Two key tasks lie ahead after Trump-Xi meeting

One is managing the North Korea threat, the other China's non-compliance with trade rules

At their recent first summit meeting, United States President Donald Trump and his Chinese counterpart Xi Jinping discussed a host of issues ranging from trade, North Korea and the East and South China Sea to human rights, law enforcement and cyber security. Among these, North Korea and trade appear to have stood out.

The two leaders agreed that the threat of North Korea's nuclear and missile development has reached a serious stage, but differed on how to manage the threat. President Xi apparently reiterated a "double suspension" proposal that was rolled out earlier by his Foreign Minister Wang Yi - that North Korea suspend its nuclear and missile programmes in exchange for the suspension of major military exercises by the United States and South Korea.

The United States and South Korea made the right decision to jointly refuse this proposal at the United Nations before the summit. Any verification, as well as agreeing on the terms of inspection procedures for North Korean suspension, would be infeasibly difficult, and restraining legitimate US-Republic of Korea joint military exercises would expose the region to an increasingly belligerent North Korea which could still engage in military provocations.

The Trump administration seems to have decided to increase pressure on China by devising plans for US action against North Korea. The intention is to compel China to pressure North Korea more by taking the approach of "either China delivers results or else the US will act".

Some commentaries on US cruise missile attacks on the Syrian air force base said that the attacks may have sent a message to North Korea and China, but it is doubtful that this would have any meaningful effect on Chinese policy towards North Korea. This is because China understands that the threshold for even a surgical strike on North Korea is much higher compared to the Syrian case - the former's retaliatory capabilities are much higher than the latter. The Trump administration decided to send a carrier strike group to waters near North Korea, which is reassuring to US allies, but it is unlikely to alter Chinese policy towards North Korea.

In order to make the option of US action credible, South Korea and Japan - the two US allies that would face the consequences of any US action against North Korea - would have to bolster their capabilities to defend against North Korean retaliation.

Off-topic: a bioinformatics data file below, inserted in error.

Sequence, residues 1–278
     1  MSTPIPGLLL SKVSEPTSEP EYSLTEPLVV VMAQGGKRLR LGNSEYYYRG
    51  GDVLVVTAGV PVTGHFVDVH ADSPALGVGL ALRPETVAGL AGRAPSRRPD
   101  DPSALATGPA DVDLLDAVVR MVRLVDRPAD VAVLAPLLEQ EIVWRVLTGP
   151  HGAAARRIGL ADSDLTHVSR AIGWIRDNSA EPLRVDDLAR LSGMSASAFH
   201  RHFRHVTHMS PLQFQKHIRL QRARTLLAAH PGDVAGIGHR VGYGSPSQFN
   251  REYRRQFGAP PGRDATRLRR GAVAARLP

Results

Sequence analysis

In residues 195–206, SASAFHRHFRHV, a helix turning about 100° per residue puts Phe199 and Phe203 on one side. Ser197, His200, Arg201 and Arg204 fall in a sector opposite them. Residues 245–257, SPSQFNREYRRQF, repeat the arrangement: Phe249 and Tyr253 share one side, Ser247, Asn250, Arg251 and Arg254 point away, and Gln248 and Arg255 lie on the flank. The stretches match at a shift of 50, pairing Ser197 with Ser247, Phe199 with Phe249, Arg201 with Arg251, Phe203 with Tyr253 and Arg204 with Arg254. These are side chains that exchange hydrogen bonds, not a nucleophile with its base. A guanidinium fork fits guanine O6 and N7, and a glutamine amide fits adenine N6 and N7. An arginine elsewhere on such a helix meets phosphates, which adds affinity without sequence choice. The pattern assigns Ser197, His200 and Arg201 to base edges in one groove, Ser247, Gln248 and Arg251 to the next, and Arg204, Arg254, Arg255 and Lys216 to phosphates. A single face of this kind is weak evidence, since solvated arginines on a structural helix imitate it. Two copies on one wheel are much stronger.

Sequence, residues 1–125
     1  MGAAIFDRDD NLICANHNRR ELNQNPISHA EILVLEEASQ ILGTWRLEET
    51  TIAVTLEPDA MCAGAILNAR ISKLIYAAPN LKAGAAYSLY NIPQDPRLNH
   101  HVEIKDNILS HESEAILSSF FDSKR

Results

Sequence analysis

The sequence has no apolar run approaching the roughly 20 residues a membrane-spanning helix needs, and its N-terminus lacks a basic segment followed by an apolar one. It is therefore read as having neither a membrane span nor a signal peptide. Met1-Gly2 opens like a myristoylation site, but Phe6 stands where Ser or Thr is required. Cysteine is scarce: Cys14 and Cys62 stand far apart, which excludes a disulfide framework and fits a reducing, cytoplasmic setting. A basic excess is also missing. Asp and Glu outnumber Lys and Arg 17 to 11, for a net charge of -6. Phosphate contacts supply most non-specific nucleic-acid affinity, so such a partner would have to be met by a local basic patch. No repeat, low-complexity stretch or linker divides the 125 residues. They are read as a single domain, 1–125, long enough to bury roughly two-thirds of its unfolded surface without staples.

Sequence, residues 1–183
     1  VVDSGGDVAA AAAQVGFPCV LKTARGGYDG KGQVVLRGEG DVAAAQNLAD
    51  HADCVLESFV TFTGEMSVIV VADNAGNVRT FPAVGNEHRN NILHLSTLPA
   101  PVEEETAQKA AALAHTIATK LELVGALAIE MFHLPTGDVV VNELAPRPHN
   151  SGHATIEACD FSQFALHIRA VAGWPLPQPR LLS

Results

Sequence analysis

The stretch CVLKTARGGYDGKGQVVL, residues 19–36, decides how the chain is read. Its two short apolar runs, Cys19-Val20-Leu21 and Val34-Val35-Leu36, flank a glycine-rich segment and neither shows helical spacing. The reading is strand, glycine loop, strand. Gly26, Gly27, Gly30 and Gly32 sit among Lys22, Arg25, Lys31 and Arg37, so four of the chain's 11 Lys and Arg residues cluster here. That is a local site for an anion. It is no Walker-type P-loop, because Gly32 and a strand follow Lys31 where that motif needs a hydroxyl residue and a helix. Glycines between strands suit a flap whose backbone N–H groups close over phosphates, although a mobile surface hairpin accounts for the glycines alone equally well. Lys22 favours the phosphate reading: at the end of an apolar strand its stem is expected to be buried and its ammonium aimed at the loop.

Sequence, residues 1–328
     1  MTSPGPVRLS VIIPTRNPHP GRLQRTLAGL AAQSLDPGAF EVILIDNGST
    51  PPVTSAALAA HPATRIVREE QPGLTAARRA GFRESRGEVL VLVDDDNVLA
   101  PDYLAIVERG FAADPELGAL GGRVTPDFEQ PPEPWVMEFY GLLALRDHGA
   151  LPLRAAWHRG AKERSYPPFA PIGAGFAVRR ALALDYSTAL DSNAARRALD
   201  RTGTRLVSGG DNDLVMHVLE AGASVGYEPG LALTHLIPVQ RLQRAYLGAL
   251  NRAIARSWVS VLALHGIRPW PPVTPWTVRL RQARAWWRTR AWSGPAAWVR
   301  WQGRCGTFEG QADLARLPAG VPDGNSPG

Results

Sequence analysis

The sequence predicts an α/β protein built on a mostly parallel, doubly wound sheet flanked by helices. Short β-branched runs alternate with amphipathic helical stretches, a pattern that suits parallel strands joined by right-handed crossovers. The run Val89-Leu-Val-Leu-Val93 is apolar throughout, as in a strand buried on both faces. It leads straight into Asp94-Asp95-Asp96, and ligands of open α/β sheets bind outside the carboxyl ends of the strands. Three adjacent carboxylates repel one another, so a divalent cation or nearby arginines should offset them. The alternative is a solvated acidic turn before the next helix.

Thaad (Terminal High Altitude Area Defence) deployment in South Korea would have to move forward in the face of Chinese opposition, and Japan would also have to enhance its capabilities to defend itself. Instituting robust and thorough defensive systems in a trilateral defence cooperation framework is the best way to make any US option credible, and thereby compel China to exert more pressure on North Korea, and also prepare for any surprise attack by North Korea.

Sanctions on Chinese companies that violate North Korea-related United Nations sanction resolutions should not be a problem for China if it is going to fully implement measures that are contained in the various UN resolutions. But China needs to understand that complying with UN resolutions is not enough to ensure peace in North-east Asia - North Korea must be brought to stop its nuclear and missile programmes unconditionally, and only then can a diplomatic process for eventual dismantlement of stockpiles and facilities follow.

Armed conflict should be avoided, but North-east Asia has reached a point where regional states have no choice but to take all steps to defend against a potentially nuclear-capable rogue state.


In the area of trade, the US and China agreed to come up with a 100-day plan to tackle trade issues. It remains to be seen how the plan would be negotiated, but the goal should be about compelling China to not merely expand imports from the US, but also to redress its problematic economic practices.

In this regard, the Trump administration should coordinate with other major economies, like Japan and the European Union, with regard to international trade litigation for cases of Chinese non-compliance with established trade rules. US-China bilateral economic negotiations would probably prove very tough, but both sides should always keep in mind that a US-China trade war would have an extremely grave consequence for the global economy and defeat the whole purpose of revitalising the economy at home.

Establishing a US-China Comprehensive Dialogue was a positive development. However, the Trump administration should be careful not to allow the four dialogues - diplomatic and security dialogue, comprehensive economic dialogue, law enforcement and cyber-security dialogue, and the social and culture issues dialogue - to turn into "talk shops" where outstanding issues are deferred to the next meeting without producing concrete results.

As the diplomatic and security dialogue will involve issues affecting US allies, the Comprehensive Dialogue with China should be preceded by high-level strategic dialogues with key US allies to coordinate positions on issues like North Korea and the East and South China Seas.

•The writer is a professor at Hosei University, Japan

A version of this article appeared in the print edition of The Straits Times on April 13, 2017, with the headline 'Two key tasks lie ahead after Trump-Xi meeting'. Subscribe